Joe Smith has turned a humble building material into works of art for his beautiful cottage garden in Dumfriesshire
NESTLING among the plants at Joe Smith’s garden is a pear sculpted from slate. Perched on top of a pillar, a sphere sits like a planet tilting on its axis. The works are the marriage of decades of drystone dyking skill with art and, in the wet climate of Scotland, it is one of the best ways to enhance a garden.
Joe learned drystone dyking as a boy of 11 in Yorkshire and at the age of 13 built a henhouse with a slate roof. It sparked a lifelong passion for working with slate. From the age of 19 he worked building drystone walls and over the years has seen the use of the skill move from agricultural, to horticultural, architectural and finally sculptural. “To some extent it reflects an affluent period in history,” he says. “Interest in the arts recognised drystone walling as more than a means of keeping sheep out of the turnips, that it was beautiful. The art world started taking an interest in drystone walling, so I started taking an interest in art. It was a logical development in the skill.” Since the mid-Nineties, he has worked on creating slate sculptures for gardens, including in his own. The first large vase he created was as a gift for his wife, for their silver wedding anniversary, installing it in the garden as a surprise while she was away.
The effect of tightly layered slate is to look like woven fabric. The precision allows for clean-lined obelisks and elegantly curved vases. The shade in the recesses gives slate sculptures enormous presence at different times of the day – much like topiary – and in both natural and artificial light.
One of the beauties of slate as an ornament lies in the way it responds to rain – for once something that can be an asset in gardens. “When wet slate reflects the light it changes the colour and you can never recreate the way rain has fallen,” says Joe. One side of an ornament may be wet and the other dry, but the next time it rains it will look different. Layering the slate also harnesses light and shade to a much greater extent than with solid stone sculpture. “The intensity of shadow in the spaces in between the slate is just as important as the slate itself.”
Joe and his wife, Elizabeth, have lived at their Dumfriesshire cottage since 1982. They carved the beds out to make them deeper and to give Joe a workshop. Trevor Jones, prior to being head gardener of the NTS garden Threave, was a friend and suggested a planting scheme that the couple put into practice. Joe believes that placing sculptures next to shrubs and foliage is the best way to use them. In his own garden he has secluded them behind the bulk of trees and shrubs so that they reveal themselves. Ivy, ferns, and long-lasting herbaceous plants like geraniums and crocosmia offer a variety of foliage colour and texture to enhance the slate works. “They are very compatible with nature. If you put them in conjunction with foliage, then they are mutually complementary. I tend not to stick them in the middle of a lawn as a statement.”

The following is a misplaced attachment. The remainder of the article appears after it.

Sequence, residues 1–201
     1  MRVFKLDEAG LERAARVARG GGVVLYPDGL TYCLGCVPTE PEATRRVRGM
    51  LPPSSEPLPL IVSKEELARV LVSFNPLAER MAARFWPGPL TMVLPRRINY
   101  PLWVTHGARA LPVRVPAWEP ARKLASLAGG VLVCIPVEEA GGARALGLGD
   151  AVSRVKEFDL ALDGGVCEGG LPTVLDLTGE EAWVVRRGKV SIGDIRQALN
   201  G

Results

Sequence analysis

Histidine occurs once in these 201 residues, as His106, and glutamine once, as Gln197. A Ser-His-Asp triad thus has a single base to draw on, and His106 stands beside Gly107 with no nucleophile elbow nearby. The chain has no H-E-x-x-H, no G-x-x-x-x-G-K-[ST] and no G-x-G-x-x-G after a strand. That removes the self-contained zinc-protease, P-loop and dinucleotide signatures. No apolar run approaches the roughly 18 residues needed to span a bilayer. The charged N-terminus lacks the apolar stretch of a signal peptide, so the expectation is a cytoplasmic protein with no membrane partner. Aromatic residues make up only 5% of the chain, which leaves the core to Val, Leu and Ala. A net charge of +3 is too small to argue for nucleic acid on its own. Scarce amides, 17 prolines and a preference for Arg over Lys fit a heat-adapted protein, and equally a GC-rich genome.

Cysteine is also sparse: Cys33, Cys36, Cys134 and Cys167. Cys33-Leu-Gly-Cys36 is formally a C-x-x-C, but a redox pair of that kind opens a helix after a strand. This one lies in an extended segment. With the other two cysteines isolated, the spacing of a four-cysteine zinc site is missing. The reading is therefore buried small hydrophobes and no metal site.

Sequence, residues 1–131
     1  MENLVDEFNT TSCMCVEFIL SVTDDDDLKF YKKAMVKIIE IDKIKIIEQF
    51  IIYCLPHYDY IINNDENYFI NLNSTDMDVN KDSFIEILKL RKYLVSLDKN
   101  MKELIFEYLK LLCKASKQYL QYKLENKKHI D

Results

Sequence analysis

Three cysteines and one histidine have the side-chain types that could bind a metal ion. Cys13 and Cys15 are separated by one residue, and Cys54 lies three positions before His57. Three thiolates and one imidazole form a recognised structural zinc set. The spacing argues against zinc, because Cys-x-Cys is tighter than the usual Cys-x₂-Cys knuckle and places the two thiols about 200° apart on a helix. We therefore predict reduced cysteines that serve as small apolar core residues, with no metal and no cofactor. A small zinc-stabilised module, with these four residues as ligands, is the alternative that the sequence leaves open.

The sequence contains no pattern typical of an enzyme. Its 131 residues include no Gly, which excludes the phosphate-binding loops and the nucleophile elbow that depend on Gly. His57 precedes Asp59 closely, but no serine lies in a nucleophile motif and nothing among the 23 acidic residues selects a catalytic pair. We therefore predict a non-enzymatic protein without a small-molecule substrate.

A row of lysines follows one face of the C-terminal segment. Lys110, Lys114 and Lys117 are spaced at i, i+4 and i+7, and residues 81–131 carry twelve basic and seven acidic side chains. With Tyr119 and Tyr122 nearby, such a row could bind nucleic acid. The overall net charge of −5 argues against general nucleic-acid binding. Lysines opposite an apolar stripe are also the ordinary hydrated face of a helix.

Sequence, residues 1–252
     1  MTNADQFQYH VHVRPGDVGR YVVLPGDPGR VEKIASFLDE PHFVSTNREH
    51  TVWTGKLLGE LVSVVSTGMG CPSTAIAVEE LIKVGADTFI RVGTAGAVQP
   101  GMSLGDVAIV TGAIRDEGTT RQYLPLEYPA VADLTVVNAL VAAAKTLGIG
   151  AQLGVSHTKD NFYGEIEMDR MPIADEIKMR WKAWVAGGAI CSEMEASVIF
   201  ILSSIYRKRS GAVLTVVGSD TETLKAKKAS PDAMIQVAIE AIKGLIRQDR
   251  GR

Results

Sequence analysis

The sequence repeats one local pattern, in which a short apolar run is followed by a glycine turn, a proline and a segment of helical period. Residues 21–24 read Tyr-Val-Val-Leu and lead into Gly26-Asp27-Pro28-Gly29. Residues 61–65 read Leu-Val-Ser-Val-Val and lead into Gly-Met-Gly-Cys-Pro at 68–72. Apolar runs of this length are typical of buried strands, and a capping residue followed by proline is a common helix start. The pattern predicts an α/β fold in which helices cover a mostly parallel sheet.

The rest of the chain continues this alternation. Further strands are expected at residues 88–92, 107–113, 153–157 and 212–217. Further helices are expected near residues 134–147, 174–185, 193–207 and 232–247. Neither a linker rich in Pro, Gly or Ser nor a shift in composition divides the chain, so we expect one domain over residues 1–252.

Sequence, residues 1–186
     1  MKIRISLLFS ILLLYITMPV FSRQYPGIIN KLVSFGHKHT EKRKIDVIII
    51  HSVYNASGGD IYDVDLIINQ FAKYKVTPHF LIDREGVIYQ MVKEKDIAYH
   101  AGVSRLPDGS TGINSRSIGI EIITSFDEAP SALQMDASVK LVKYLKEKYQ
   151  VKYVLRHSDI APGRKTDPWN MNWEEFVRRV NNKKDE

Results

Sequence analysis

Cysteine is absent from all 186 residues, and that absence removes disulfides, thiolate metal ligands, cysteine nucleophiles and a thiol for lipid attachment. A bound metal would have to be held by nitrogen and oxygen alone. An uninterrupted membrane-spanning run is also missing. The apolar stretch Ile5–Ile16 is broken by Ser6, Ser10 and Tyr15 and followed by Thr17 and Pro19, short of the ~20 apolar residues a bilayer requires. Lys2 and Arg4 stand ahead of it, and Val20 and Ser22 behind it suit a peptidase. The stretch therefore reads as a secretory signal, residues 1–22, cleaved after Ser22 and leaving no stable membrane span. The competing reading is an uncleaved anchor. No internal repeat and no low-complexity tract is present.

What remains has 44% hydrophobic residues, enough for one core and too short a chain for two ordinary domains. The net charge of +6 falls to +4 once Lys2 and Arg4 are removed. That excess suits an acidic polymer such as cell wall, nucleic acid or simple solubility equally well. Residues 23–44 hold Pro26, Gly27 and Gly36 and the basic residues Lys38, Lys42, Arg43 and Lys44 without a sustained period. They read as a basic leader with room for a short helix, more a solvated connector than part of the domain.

His sculptures are the backbone of the garden, not just ornamentally but functionally. There is a gate clad with over-lapping tiles in the shape of dew drops. A curved column is topped with a bird feeding table and slate roof. There is a whinstone circle in which toads live. “I like to lay red dogwood stems in it in the spring and watch them change colour over the summer,” says Joe. Contrasting colours such as the red of bergenia, pink of persicaria, phlox, white cosmos and cotoneaster berries bring warmth and softness to the stone. “For a tall plant the spindly verbena bonariensis looks great, and in general lavenders, cat-mint and pink roses are my favourites, all of which, for some reason we struggle to grow well here. I love them with birch trees too.”
Having his own garden as a test bed for his work has allowed Joe to push the possibilities of the drystone technique. The cantilever effect of creating downward pressure over a central point keeps the structures stable and very heavy, but because they are built in tight layers can accommodate curves outwards that appear to defy gravity. His creations of pears, acorns and conkers have a little asymmetry as they would in nature, but Joe sometimes finds it more challenging to build in these deliberate imperfections than to create the perfect symmetry required for vases, spheres and chess pieces.
Large pieces are usually built on site as they are too heavy to move. They have to be big enough to be strong but can become heavy. The variety of objects that slate can be used to sculpt lends it to gardens of all sizes. Where a large stone sculpture might look out of place in a small garden, slate can deliver more subtlety and look more natural. “It can be the central point of a very small formal area like a parterre or seating area, or it can be part of a much bigger plan.” The sculptures work very well in Joe’s cottage garden, the house is blended with garden structures including large vases, or a column of spheres balancing on top of one another – they are bold, but not overpowering.
And there lies the essence of merging hard structures with plants – where one would look lost without the other.
For more information see joe-smith.co.uk